There is more to Mudbound’s connection to Malick than just the voiceover. The way Rees and cinematographer Rachel Morrison shoot the film with a roving camera and use soft, natural light evokes Malick and Emmanuel Lubezki’s work. As well, the editing rhythms seem more determined by the emotions of the characters than editing convention. However, there is a big difference between Rees and Malick, in that Mudbound is interested in more than the existential experience of its characters. As its title lays out, it’s a film that lives in the mud and the dirt. Its internal conflicts matter, but the external conflicts, between race and class, cannot be ignored. The cinematography literally revels in depictions of mud and muck to bring this point home.

The film’s insight on race comes out best in the horrifying ending, which unleashes all the simmering racism and resentment like a balloon bursting from too much water. The end might seem like a dip into exploitation after the understatement of the rest of the film, but it is essential to understanding how racial tensions are rarely left to simmer in the real world. In 1946 Mississippi (and even now), they come to the fore and destroy whatever uneasy peace exists.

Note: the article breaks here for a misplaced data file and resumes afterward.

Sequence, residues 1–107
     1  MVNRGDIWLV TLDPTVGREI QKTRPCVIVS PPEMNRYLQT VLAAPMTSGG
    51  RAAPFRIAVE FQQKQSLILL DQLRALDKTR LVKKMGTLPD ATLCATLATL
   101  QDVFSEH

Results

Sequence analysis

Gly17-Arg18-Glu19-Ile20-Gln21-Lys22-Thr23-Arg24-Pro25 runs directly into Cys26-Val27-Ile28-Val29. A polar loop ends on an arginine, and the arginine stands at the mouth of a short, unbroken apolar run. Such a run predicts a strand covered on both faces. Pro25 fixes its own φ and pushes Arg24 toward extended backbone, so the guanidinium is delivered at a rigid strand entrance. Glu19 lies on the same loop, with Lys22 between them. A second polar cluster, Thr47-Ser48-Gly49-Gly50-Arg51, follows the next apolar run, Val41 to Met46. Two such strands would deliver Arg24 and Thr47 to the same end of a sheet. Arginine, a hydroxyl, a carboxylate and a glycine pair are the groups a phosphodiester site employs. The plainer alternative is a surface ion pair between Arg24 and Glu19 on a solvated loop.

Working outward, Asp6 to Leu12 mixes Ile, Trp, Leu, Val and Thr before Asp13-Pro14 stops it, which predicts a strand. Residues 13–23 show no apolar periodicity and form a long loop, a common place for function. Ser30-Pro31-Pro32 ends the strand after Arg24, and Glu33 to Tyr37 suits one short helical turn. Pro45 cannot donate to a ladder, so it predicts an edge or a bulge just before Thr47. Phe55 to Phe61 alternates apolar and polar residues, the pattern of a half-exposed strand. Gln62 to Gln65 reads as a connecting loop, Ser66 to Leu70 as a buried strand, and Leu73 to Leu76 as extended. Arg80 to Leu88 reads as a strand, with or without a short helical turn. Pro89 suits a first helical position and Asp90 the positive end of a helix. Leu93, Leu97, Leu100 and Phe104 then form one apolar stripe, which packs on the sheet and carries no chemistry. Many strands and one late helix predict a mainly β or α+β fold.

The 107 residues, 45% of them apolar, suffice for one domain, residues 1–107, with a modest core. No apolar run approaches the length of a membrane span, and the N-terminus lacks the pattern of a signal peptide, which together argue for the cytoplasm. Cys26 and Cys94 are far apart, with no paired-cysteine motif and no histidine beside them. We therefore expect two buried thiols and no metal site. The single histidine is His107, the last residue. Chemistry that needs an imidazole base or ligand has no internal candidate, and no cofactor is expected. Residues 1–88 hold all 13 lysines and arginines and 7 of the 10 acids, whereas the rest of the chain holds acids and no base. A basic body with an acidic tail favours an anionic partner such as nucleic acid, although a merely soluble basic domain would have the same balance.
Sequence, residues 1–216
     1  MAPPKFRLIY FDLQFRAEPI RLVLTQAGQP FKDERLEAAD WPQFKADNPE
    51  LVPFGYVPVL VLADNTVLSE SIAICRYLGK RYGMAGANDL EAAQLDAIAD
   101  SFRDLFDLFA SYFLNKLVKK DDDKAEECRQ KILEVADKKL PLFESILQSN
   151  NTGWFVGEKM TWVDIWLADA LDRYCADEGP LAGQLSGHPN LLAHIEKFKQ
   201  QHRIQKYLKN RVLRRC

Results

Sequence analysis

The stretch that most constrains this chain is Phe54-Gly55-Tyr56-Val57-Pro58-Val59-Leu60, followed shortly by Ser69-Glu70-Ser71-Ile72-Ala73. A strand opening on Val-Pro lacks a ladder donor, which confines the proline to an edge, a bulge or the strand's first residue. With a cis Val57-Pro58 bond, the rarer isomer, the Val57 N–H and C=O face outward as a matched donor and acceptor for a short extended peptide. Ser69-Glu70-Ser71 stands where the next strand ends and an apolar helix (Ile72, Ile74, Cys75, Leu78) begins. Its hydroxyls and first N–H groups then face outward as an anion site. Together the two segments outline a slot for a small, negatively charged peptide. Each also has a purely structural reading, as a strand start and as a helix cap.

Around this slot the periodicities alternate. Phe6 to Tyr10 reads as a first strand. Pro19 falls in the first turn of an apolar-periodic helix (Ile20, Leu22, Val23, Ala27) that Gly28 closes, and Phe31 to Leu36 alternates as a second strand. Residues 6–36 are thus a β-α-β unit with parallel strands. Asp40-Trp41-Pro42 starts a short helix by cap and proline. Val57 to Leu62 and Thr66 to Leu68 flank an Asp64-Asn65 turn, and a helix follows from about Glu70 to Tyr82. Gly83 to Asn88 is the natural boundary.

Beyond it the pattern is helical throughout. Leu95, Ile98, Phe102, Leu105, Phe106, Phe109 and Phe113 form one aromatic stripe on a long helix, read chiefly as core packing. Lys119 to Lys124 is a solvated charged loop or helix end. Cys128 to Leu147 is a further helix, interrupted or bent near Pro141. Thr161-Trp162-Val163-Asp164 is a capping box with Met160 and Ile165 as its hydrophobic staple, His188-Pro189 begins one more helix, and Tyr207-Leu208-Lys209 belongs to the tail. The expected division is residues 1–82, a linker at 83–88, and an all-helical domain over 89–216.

Mudbound manages the neat trick of being both personal and political. It’s a slowburn drama that builds to a horrifying pitch as a means of showing the logical outcome of racial conflict in its place and time. That it does more than relay racial oppression—it refuses to victimize its black characters and instead depicts them and their white neighbours’ fascinating and conflicted inner lives—means it works as more than a message film.